GDP is a Bad Indicator

GDP,  we hear about it all the time, and whatever it is makes nations cry when it (technically, real GDP growth) decreases and celebrate when it chugs along at 3%. But what the heck is it really indicating? And is it even good at its job??

In short, GDP is a measure accumulating all of a nation’s production to indicate the nation’s wealth, and, also in short, it’s not that accurate or helpful.

See GDP was developed during the great depression to help take stock of what was actually going on in the American economy – so that people could stop flailing around blindly and figure out what to target and how.

When the product of labor is a physical object we call it a good, and when the product of labor is an activity (like accounting, IT support, or yardwork) it’s called a service. Back then, most production was of goods, coming from big material industries like steel, cars, coal, etc. So those making the GDP measure made sure to account for many of the production nuances in making goods.

But services, which made up only a small portion of the American economy back then, weren’t (and thus aren’t) incorporated well into GDP. Right now, we’re definitely undervaluing really important services like healthcare and education because of this lack of inclusion, and frankly because they’re not as easy to put a dollar value on.


More importantly, in condensing all production into a single variable, we lose meaningful information like what was produced and where wealth is accumulating. You can learn that a country is getting wealthier but you can’t learn that there’s rising inequality from GDP.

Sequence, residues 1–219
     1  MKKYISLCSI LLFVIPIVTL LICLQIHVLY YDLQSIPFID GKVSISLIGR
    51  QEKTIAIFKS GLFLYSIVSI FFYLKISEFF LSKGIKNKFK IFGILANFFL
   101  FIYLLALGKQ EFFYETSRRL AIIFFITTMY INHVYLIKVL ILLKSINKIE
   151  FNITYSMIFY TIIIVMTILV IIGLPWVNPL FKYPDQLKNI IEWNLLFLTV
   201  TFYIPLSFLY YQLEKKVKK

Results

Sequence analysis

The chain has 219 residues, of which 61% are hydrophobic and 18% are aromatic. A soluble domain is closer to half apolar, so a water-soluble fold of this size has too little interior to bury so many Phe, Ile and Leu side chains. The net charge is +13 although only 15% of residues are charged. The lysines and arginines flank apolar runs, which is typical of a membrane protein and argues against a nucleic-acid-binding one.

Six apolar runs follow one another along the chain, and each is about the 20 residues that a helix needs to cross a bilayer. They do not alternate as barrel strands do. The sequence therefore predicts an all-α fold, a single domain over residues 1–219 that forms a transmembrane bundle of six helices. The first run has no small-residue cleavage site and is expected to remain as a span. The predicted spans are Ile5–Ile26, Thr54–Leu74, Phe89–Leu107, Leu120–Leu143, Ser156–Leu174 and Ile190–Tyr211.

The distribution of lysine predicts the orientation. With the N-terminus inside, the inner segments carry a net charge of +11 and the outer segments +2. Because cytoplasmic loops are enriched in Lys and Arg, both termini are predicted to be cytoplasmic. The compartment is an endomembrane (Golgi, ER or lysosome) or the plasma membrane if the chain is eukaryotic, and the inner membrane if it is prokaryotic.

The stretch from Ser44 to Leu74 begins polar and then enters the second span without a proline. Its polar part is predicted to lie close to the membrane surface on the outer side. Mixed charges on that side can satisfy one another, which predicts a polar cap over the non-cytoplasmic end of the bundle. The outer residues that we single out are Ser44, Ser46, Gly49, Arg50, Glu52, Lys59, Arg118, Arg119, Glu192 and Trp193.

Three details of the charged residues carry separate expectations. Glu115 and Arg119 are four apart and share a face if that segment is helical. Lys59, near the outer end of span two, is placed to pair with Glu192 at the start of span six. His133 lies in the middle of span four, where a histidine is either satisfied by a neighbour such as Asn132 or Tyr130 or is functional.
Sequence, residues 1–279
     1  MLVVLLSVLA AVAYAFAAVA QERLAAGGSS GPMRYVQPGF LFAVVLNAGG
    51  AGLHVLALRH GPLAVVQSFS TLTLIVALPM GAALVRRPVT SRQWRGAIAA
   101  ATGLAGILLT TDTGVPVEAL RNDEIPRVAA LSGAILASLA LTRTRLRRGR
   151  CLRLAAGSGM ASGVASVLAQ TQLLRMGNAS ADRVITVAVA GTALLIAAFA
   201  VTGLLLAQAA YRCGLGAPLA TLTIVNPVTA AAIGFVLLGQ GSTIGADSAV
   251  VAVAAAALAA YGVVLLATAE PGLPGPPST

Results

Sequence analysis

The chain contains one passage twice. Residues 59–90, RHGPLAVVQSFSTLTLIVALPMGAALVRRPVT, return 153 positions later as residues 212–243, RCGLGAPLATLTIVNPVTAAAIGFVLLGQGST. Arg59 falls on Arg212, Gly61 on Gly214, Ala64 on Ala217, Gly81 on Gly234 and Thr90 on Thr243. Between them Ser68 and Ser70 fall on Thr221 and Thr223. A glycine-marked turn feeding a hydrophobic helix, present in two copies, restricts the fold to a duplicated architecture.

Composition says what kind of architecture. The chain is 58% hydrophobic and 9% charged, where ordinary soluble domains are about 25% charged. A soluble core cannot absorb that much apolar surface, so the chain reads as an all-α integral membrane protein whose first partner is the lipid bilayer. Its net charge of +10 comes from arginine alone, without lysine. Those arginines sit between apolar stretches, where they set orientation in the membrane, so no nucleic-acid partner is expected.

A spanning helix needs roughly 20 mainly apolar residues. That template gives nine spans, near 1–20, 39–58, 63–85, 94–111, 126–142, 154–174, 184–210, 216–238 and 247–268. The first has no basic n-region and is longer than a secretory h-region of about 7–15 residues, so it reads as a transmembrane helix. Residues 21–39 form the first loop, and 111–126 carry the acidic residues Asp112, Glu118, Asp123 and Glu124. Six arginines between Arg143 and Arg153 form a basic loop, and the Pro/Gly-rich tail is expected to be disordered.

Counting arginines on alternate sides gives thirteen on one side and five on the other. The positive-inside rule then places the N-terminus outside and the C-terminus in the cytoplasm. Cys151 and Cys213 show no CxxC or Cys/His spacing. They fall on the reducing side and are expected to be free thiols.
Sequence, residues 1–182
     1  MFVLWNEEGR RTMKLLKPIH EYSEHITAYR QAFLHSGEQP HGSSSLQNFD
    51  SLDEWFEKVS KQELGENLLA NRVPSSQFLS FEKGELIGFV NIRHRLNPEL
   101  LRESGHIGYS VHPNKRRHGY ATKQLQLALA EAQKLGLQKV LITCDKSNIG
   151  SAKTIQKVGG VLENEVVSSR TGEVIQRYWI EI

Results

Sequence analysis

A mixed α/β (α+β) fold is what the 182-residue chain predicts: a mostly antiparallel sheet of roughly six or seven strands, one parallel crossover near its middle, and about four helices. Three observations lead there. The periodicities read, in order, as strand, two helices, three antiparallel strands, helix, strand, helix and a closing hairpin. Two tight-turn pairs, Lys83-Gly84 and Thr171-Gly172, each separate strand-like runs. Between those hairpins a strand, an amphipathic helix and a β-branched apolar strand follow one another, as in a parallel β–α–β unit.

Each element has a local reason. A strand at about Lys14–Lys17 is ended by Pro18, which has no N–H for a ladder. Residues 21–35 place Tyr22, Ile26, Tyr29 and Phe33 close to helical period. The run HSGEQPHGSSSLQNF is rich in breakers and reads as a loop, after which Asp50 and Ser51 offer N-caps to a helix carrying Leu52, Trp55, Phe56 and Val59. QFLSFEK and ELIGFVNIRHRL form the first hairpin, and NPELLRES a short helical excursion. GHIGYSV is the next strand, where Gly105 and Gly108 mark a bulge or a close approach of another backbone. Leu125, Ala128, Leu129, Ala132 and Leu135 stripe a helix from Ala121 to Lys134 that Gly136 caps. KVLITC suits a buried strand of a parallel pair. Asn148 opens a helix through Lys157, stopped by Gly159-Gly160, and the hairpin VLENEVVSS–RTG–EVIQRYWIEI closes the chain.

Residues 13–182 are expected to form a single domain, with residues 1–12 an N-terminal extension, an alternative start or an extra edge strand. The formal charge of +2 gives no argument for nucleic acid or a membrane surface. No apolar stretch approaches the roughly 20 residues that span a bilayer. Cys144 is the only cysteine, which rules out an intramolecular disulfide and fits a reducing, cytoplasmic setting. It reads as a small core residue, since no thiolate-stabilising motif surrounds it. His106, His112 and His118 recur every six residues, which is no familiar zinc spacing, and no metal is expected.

Likewise, you can’t learn that the country is getting rich at the expense of it’s natural resources from GDP. Also, a $10 million rise in services feeding the poor is treated exactly the same as a $10 million rise in production of grenades. That is to say, GDP says nothing about the moral value of one good/service over another.

GDP also never says when to quit. In a world with finite resources, we won’t be able to expand GDP indefinitely, and the American lifestyle is already far past sustainability.

GDP is most similar to a speedometer, which tells you how fast you’re going but says nothing to the safety of that speed or how much gas is left in the tank. We need more “dashboard indicators”  (they’re actually called that) to paint a better picture of where the American economy is and should morally be going.

Most of this argument is taken from “Mismeasuring Our Lives: Why GDP doesn’t Add Up” by Joseph E. Stiglitz, it’s a short book looking at what’s wrong with and how to fix GDP. If you take Economics of Happiness you’ll read and hopefully enjoy it, I know I did!

About Nicky Smit

Nicky Smit is a Senior Economics Major, meaning soon he'll be swallowed by economic reality! Thus, he spends his time shooting movies, singing a cappella and writing about things like this info box

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